Hawaii's health insurance exchange announced on Friday that it will be shutting down, and its nearly 40,000 enrollees will be transitioned to the federal Obamacare marketplace, Healthcare.gov.
The private, nonprofit Hawaii Health Connector, which has been embattled from its inception, has not generated “sufficient revenues to sustain operations,” according to the office of Hawaii Gov. David Ige (D).
The state invested $130 million in the Connector, but the exchange has been plagued by low enrollment numbers and technological issues, making it noncompliant with the federal requirements outlined in the Affordable Care Act.
“It was a failed project," state Sen. Sam Slom (R) told the Honolulu Star-Advertiser. "It was a boondoggle from the very beginning, and our residents deserve better than that.”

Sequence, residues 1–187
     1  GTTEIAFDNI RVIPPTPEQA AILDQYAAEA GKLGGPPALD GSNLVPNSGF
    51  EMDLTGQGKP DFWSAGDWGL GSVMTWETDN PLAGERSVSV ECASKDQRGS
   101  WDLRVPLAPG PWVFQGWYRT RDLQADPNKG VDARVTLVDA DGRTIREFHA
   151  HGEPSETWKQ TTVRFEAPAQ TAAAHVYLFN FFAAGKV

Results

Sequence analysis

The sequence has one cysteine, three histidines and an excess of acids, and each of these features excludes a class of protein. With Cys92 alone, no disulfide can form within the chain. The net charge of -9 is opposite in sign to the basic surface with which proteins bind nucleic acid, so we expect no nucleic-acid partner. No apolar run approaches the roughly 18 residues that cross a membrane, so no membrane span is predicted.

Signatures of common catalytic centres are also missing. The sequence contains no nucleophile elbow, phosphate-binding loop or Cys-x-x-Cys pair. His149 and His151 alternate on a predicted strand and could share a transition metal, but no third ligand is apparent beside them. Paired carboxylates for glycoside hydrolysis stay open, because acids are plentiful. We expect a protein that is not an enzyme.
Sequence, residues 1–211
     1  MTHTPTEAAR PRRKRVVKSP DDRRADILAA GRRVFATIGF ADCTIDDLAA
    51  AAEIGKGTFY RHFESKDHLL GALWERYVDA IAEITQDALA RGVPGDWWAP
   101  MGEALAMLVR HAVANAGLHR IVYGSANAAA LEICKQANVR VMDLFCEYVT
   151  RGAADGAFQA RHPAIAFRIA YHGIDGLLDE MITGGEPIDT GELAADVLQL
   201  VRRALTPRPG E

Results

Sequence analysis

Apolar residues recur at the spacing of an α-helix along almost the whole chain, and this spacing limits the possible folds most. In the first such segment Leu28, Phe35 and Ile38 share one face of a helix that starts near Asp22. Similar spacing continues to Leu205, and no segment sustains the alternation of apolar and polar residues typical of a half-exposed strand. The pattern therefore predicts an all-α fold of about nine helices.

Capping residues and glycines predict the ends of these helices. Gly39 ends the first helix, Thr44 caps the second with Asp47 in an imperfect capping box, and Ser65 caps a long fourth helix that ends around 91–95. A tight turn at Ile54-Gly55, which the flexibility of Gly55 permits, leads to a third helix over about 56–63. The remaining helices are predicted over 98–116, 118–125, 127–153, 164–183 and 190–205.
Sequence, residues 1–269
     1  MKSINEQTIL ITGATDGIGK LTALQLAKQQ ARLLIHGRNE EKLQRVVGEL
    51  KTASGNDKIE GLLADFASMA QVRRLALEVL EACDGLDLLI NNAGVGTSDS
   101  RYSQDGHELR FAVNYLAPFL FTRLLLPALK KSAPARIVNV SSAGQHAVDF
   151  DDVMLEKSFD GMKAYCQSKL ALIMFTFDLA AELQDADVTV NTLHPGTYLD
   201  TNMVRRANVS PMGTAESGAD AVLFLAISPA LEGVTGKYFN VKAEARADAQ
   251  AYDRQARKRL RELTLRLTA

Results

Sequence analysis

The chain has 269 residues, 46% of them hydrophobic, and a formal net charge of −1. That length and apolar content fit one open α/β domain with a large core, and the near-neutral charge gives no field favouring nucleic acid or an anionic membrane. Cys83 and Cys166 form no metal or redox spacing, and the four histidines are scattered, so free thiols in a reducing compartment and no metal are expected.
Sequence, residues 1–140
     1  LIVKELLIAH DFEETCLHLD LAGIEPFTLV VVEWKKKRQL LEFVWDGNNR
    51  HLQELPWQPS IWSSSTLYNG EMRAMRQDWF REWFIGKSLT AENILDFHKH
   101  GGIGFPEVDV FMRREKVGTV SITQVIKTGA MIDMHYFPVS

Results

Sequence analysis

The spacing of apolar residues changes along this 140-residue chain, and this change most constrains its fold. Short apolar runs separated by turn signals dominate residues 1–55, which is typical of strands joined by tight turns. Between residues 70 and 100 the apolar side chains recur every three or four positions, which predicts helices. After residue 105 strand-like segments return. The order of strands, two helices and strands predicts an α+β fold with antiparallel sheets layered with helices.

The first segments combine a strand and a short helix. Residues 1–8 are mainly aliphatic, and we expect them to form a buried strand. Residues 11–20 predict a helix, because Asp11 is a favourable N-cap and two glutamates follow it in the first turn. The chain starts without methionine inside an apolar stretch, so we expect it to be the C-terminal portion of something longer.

According to Hawaii Health Connector CEO Jeff Kissel, Hawaii's health exchange will become a state-run exchange that uses HealthCare.gov, which is similar to the setup in Nevada, New Mexico and Oregon.
"The viability of state health insurance exchanges has been a challenge across the country," Ige said in a statement, "particularly in small states due to insufficient numbers of uninsured residents."
Under Hawaii's Prepaid Healthcare Act of 1974, businesses in the state are required to offer health insurance to employees who work more than 20 hours per week. As a result, Hawaii has consistently had one of the lowest uninsured rates in the country.
The Associated Press contributed to this report.
ALSO ON HUFFPOST:
How will Donald Trump’s first 100 days impact YOU? Subscribe, choose the community that you most identify with or want to learn more about and we’ll send you the news that matters most once a week throughout Trump’s first 100 days in office. Learn more